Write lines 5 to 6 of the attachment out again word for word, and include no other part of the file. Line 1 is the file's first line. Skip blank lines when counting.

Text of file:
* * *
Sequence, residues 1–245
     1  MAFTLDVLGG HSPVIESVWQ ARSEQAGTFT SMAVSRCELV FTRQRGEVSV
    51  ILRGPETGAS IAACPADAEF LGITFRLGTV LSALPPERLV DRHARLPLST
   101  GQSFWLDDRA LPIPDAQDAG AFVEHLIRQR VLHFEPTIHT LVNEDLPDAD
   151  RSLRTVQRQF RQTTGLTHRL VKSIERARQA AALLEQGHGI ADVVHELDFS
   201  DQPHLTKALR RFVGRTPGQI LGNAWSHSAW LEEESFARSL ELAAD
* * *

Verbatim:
   151  RSLRTVQRQF RQTTGLTHRL VKSIERARQA AALLEQGHGI ADVVHELDFS
   201  DQPHLTKALR RFVGRTPGQI LGNAWSHSAW LEEESFARSL ELAAD